Organizations like Oil Change International argue that Canadian oil imports do not insulate the U.S. from oil price volatility. "The U.S. already imports over 2 million barrels a day from Canada. It did not protect us from rising prices in 2008, it hasn't this time, and it never will," the group said in a recent statement. They point to the fact that Middle Eastern countries through their conglomerate OPEC have 76 per cent of proven global oil reserves and will continue to control the market no matter how much Canadian oil is produced.
Finally, oilsands production creates many environmental risks, which are not being managed properly by either the federal or provincial governments, as the Royal Society of Canada recently observed. This is true whether talking about mining or in situ (drilling) production:
- Oilsand mining requires substantial amounts of water, while in situ drilling is projected to have major impacts to groundwater.
- Oilsands mining also creates massive tailings ponds that cover an area the size of Washington D.C. with major financial legacy.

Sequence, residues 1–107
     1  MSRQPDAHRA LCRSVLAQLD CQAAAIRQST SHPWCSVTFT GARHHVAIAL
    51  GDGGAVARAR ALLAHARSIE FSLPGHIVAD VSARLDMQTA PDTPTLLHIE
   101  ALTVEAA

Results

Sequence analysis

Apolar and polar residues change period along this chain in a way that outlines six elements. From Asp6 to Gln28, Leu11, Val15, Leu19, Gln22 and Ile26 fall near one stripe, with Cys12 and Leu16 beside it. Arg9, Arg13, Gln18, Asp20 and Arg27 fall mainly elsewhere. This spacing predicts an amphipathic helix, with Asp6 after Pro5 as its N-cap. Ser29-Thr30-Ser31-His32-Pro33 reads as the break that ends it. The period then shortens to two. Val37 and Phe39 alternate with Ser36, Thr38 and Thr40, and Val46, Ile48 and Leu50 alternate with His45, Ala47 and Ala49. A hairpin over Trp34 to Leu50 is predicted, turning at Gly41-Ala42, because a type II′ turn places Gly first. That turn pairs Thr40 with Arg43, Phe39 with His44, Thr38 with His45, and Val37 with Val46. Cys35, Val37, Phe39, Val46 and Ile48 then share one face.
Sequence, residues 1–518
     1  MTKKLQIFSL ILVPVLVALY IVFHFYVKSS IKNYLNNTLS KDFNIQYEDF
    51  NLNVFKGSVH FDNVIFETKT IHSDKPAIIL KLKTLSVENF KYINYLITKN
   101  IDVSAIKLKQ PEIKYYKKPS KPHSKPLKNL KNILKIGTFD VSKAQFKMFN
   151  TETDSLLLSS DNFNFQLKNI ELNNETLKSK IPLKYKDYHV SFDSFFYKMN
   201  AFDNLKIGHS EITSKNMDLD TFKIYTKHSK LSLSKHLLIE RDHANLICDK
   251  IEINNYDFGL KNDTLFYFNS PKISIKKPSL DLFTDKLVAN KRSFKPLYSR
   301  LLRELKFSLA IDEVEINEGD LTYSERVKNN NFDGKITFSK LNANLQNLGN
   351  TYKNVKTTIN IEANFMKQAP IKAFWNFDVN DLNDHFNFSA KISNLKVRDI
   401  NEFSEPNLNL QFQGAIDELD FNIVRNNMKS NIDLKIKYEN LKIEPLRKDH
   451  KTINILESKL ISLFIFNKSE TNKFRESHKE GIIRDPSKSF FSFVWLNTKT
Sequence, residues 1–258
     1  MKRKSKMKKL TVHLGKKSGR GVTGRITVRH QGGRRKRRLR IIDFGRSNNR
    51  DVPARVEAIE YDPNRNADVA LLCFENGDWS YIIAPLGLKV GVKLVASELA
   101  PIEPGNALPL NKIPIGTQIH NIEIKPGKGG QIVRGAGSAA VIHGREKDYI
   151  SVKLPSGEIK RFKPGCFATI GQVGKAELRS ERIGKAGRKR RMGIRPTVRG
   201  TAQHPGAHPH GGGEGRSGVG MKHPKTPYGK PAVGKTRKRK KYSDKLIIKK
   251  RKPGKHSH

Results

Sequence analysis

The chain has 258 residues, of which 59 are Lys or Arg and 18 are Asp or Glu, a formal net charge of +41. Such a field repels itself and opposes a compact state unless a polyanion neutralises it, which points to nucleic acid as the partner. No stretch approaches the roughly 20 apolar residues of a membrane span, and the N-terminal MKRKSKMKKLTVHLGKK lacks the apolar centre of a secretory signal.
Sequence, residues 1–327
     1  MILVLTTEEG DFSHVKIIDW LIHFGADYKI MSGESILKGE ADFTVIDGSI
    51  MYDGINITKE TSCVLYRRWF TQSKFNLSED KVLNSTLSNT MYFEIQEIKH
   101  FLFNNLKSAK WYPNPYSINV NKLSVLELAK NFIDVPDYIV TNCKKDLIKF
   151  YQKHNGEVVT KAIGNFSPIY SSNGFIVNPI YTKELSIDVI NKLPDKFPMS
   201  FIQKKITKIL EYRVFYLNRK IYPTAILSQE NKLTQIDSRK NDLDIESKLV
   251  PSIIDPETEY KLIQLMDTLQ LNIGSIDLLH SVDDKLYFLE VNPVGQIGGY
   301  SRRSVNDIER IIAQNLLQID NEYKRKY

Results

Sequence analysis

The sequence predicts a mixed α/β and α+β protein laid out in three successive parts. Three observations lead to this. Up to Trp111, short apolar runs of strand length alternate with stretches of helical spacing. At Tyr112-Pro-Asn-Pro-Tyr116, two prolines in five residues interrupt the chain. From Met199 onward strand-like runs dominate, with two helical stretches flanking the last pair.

- While mining operations are set to disturb an area more than 1.5 times the size of Yosemite National Park, in situ operations will disturb an area much larger (6,500 square kilometers, or 1.6 million acres).
Climate change implications
The global issue of climate change is clearly one of intense interest to the United States. U.S. military leaders have observed that America's national security hinges more on climate change than other factors.
Likewise, the IEA has stated that if the world were to continue to track energy use as it has in the past, we would lose climate security. It is now broadly recognized in the military, environmental and climate science communities (among others) that climate change is a destabilizing global force that could undermine the economy and the environment and lead to military conflict.
The IEA confirmed in a report that if fossil-energy consumption continues as projected without any changes in policies, it "takes us inexorably towards a long-term concentration of greenhouse gases in the atmosphere in excess of 1000 parts per million of carbon dioxide equivalent. The carbon dioxide concentration implied by the reference scenario would result in the global average temperature rising by up to 6°C. This would lead almost certainly to massive climatic change and irreparable damage to the planet."